Airfreight braces for turbulence

Singapore freight forwarders – Star Concord

Several macroeconomic factors have contributed to the uncertain forecast for the airfreight industry in 2024, including sluggish global economic growth, inflationary pressures, geopolitical tensions, and supply chain disruptions.

READ: Forwarders adapt operations

Potential recessions and interest rate hikes could exacerbate these challenges, dampening consumer spending, reducing demand for airfreight services, and increasing financing costs for industry stakeholders.

Additionally, fluctuations in currency exchange rates and trade policies may impact international trade flows, affecting cargo volumes and freight rates.

Despite this backdrop, the freight forwarding industry has demonstrated resilience in the face of turbulence through its ability to adapt to changing market conditions, innovate, and collaborate with stakeholders.

Brandon Fried, the Executive Director of the Airforwarders Association (AfA), believes this strength in tough times is due to diversification of service offerings and transportation modes, investment in technology and automation to improve efficiency, solid partnerships and alliances with carriers, suppliers, and customers; robust risk management practices, contingency planning and flexibility and agility to respond to evolving customer needs and market dynamics.

“Reducing bureaucratic hurdles can significantly contribute to smoother forwarding operations by streamlining processes, reducing paperwork, and enhancing efficiency,” Fried explained.

“Simplified customs procedures, harmonised regulations, and digitalisation of documentation can expedite clearance processes, minimise delays, and lower administrative costs for forwarders and shippers alike.

“Additionally, improved collaboration between government agencies, industry stakeholders, and international organisations can facilitate smoother cross-border trade and promote economic growth.”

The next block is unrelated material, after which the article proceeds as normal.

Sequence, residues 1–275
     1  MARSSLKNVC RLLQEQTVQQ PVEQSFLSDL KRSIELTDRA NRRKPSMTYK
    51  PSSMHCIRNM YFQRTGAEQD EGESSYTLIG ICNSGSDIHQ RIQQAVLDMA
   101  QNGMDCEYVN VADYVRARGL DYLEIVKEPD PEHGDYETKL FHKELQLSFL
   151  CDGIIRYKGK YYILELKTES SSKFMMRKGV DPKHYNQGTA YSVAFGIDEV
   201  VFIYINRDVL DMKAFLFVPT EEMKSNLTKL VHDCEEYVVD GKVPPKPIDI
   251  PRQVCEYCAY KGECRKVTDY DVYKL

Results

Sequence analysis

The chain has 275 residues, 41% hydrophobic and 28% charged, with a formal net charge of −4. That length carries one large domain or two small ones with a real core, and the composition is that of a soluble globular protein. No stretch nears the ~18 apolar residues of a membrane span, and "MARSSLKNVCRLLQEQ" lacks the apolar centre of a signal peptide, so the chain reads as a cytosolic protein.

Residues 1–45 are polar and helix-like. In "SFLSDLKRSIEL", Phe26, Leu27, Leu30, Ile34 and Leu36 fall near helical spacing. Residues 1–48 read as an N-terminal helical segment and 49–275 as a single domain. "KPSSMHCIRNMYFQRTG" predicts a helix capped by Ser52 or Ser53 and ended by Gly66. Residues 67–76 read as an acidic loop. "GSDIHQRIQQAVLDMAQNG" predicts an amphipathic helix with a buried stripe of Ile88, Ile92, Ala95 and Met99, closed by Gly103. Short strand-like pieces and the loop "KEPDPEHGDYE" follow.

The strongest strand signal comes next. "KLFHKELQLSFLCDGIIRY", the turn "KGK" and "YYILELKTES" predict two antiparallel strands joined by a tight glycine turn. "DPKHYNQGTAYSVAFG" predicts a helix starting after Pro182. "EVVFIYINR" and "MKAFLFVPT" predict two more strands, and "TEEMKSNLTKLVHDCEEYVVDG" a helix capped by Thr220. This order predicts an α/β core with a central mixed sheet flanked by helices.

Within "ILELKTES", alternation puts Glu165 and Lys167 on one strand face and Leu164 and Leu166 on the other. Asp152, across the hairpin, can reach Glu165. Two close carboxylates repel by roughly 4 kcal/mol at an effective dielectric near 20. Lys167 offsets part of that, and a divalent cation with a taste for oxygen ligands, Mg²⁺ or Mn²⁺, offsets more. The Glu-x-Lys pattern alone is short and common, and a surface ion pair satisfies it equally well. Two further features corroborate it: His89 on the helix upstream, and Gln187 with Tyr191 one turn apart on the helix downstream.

Personnel and practices

Labour issues remain a significant concern for the forwarding industry, particularly amidst ongoing challenges such as shortages and workforce ageing. To bridge the skill gap and attract talent, forwarders can implement various measures, such as investing in training and development programmes, collaborating with educational institutions offering competitive packages and benefits, embracing diversity and inclusion initiatives, and leveraging technology and automation to augment workforce productivity and efficiency.

The logistics sector also increasingly embraces sustainable practices to minimise its environmental footprint and reduce carbon emissions.

Fried cited a number of the steps being taken: investing in fuel-efficient vehicles and alternative energy sources, optimising transportation to reduce fuel consumption and emissions, implementing eco-friendly packaging materials, adopting green technologies and collaborating with industry stakeholders, government agencies, and environmental organisations.

“Despite progress towards sustainability, there are several barriers that hinder the transition to a more eco-friendly industry,” Fried said. “Cost considerations and upfront investments are required to implement green technologies and infrastructure.”

“Lack of regulatory incentives and mandates to promote sustainable practices have slowed progress.

“Limited availability of renewable energy sources and alternative fuels for transportation have hampered developments.

“To achieve IATA’s stated 2050 goal, governments must provide incentives for developing sustainable aviation fuels, which currently only comprise 2% of the volume needed.”

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Author: Edward Hardy